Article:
It wasn’t enough that party promoters thought using Rev. Dr. Martin Luther King, Jr’s likeness wearing gold chains to advertise a party was cool or that Russell Simmons thought making fun of Harriet Tubman was funny or that Li’l Wayne thought that comparing rough sex to Emmit Till’s death was okay. Now rapstress Nicki Minaj has gone and released a new single “Looking Ass N#$*a,” already controversial for its show of guns in the video, and used Malcolm X’s picture for the cover. You can see and hear the NSFW single here. (Warning: EXPLICIT LYRICS).
Not only is this ignorant and sad, this particular image speaks volumes about Malcolm’s legacy and the duress he was under for speaking his truth about race relations in this country. It’s the famous pic where he’s looking out the window, machine gun in hand, prepared to defend himself and his family against the many people who had threatened their lives.
Did we mention that it’s still Black History Month?
Should we blame Nikki for this or blame ourselves for creating an atmosphere where not only are we OK with the visual imaging that has helped her become a platinum-selling superstar (despite lacking any real talent except for marketing and imitating various voices) with an allegedly surgically enhanced butt and a blonde wig? We’ve been OK with one of our daughters working out some obvious self-esteem issues while turning a profit by encouraging other insecure young girls to want the same plastic parts instead of celebrating their own unique beauty. Are we now OK with the shameless use of one of our icons’ images for commercial purposes when his famous autobiography, penned by Alex Haley, is not just a classic, but one that a lot of young Black males reference as changing their thinking about themselves and their potential?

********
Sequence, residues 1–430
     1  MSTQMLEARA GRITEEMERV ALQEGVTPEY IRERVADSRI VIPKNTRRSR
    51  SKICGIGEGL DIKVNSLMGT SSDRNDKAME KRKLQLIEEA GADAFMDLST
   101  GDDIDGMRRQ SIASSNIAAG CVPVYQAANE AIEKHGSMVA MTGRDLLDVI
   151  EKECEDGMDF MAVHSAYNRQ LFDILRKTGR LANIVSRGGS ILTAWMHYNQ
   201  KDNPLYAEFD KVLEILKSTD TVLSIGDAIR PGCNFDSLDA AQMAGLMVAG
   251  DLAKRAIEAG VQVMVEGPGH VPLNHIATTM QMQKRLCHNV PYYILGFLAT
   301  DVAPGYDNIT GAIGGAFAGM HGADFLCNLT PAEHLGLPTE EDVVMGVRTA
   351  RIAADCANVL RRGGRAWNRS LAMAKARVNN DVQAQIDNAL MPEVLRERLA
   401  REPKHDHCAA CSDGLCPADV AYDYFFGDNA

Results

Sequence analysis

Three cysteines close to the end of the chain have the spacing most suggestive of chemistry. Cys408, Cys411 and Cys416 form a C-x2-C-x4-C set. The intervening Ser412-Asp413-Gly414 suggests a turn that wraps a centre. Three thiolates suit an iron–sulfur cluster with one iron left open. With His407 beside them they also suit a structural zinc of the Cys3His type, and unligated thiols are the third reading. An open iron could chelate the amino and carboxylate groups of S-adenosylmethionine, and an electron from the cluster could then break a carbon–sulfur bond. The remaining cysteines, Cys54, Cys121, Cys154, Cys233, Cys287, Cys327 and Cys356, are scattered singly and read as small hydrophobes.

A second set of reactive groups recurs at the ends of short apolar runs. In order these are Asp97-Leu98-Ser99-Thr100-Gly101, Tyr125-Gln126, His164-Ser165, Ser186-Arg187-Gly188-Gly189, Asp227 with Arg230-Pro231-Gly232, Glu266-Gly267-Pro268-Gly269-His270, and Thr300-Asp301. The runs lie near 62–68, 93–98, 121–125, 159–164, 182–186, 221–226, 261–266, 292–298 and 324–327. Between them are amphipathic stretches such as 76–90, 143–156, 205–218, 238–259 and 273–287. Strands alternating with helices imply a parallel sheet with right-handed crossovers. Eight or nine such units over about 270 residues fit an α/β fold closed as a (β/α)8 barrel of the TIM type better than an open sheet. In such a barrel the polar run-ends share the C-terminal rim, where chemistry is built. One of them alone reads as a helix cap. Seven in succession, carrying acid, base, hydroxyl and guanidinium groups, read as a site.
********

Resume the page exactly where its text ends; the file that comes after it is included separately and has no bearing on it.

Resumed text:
Because if we are OK with our young artists disrespecting our history and neither feel that we can correct or re-educate them, then it’s us, as parents, aunties, uncles, teachers and grands that have collectively failed. If it’s not up to us to remember and testify, then who will? If we don’t share and protect our history, then who will we have that can continue to fight for the equality and justice that is our right? If we are not sharing this knowledge, we are sending young people out into the world unarmed with the information and knowledge that they need.
Without it, how can they stand strong when they meet with institutional racism and the persistent mindset that African-Americans are second-class citizens who can be shot in cold blood because their very presence offends or frightens others? We need to snatch up our young people and let them know that others came before them who lived and died to get us where we are today and that they were more than Black and white images, they were living breathing people who sacrificed family, friends, and often their lives for the greater good.
They were not just holidays and names to quote in a hip-hop song. They were patriots who wanted justice for our people and the chance to let freedom ring in a country that paid lip service to that ideal but denied it to too many of its citizens. If we haven’t taught Nicki anything, then we haven’t done nothing, as another great Black man said.
It’s Black History Month. Teach somebody something, buy someone a book, or mentor a young person. Do it not just this month, but all year. Because if you support this mess, by saying it doesn’t matter or that you bear no responsibility in it, then, well, you’re just part of the problem.
Note: Minaj has responded to complaints via her Instagram and taken the offending image down from hersocial media sites.